A quote that rings in my ears from time to time, especially when I get caught out in the rain, is: “There is no such thing as bad weather — only a poor choice of clothes.” I’m not certain where I heard it first but I’m going to attribute it to my colleague Taylor’s mother.
In business, politics, or our personal lives we often hear much hand-wringing and excuse-making about unintended consequences. Today I offer you a more pragmatic view: “There are no such things as unintended consequences — only a poor choice of solutions.” After looking at a couple examples, I’ll suggest how you can help your team avoid unintended consequences by:
- developing a more robust understanding of the problem and the system that governs whether the problem occurs
- executing effective trial solutions, and then leading change effectively at full-scale
Recently, a few examples of unintended consequences in the news have reminded me of other historical examples. Copenhagen is trying to get more of its residents to commute using bicycles. At the same time, concerned advocacy groups also started promoting bicycle safety through helmet use. What happened? Ridership dropped. Let’s look quickly at a few more examples for reference:
- India labeled as a high-growth economy, government complacency leads to drop in growth rate
- Rapid development of natural gas deposits as a “cleaner” alternative to coal has made most investments in wind and solar power unfavorable (among other things)
- Funding a small group of tribal fighters in the 1980’s led to fighting wars that have cost the US more than a quarter of the cost of World War II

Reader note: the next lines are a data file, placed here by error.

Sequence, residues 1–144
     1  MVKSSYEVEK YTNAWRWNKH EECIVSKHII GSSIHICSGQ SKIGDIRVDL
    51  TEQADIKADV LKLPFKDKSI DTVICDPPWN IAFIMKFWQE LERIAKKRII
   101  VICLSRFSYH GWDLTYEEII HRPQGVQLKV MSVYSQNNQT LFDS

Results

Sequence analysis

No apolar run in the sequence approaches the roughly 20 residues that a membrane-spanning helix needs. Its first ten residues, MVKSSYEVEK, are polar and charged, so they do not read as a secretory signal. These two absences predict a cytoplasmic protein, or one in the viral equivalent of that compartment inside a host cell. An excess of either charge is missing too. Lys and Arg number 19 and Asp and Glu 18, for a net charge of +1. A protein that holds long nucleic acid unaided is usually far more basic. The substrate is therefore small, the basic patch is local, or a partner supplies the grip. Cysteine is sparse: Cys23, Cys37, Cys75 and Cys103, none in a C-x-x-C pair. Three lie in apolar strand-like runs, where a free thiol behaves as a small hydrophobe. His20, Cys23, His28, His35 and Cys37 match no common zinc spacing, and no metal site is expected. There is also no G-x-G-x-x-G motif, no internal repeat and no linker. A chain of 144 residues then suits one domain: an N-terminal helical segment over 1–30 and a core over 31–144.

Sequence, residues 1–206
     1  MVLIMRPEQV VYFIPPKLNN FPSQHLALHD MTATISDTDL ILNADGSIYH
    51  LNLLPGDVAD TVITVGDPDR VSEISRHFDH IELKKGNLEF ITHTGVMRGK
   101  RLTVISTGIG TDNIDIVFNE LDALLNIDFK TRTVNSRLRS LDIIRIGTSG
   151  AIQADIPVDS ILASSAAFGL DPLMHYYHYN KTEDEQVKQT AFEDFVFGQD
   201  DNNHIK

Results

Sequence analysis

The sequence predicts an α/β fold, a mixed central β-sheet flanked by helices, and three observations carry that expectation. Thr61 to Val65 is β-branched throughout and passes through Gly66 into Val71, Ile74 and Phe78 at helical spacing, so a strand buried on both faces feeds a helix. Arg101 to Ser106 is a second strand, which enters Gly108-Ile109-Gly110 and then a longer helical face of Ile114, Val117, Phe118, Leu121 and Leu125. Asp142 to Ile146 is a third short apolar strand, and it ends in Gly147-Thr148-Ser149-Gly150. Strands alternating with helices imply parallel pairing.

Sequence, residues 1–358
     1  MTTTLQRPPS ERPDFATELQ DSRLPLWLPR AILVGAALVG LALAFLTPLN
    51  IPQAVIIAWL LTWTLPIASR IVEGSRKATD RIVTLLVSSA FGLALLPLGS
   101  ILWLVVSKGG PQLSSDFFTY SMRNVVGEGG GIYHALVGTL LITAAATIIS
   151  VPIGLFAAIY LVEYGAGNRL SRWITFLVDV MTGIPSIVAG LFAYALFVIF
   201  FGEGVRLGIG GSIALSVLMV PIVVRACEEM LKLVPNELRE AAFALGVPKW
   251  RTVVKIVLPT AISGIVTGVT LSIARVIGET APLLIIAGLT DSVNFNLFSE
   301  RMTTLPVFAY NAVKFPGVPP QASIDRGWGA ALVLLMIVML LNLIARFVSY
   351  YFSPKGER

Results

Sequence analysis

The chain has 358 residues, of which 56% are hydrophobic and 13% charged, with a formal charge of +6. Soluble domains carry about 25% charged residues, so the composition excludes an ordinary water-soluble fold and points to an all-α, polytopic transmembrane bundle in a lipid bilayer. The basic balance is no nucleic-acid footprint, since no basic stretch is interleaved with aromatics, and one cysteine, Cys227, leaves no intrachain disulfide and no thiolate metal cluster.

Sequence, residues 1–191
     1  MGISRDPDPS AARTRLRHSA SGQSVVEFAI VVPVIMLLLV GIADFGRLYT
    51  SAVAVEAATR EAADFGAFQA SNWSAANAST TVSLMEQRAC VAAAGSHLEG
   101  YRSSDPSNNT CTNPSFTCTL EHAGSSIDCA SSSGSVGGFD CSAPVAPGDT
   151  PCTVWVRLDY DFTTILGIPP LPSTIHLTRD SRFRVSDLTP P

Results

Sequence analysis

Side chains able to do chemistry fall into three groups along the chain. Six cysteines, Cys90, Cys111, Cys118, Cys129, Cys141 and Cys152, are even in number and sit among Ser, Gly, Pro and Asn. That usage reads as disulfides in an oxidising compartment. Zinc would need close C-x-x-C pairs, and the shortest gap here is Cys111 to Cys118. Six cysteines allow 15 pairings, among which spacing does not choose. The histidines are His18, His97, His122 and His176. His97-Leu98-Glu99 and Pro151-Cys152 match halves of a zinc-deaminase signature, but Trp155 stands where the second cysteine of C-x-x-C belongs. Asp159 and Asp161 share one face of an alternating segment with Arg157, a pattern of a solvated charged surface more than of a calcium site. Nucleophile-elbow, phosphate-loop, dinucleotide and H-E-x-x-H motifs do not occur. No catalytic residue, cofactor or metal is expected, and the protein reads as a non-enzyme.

- Reading economic analysis (or anything else) in the USA Today makes me throw up a little bit in my mouth.
As leaders, we all understand that the future is uncertain and “the ideal time to make a decision is never” (see diagram).
Over time, we gain more and more information about the system and can be more certain. The slope of this curve depends on the method we use to understand the system — and sadly many teams rely on nothing more than brainstorming. For more about using a structured approach to understand a system quickly, read my previous post challenging the effectiveness of “5 Whys.”
When it comes trialing solutions and then managing change, there are countless “proven models” to follow. Two resources I can recommend are:
- John Kotter’s Leading Change — straightforward and timeless
- The Build Network has concise, informative articles targeting senior leaders in rapidly growing business. One example is about mapping a business model before you improve it.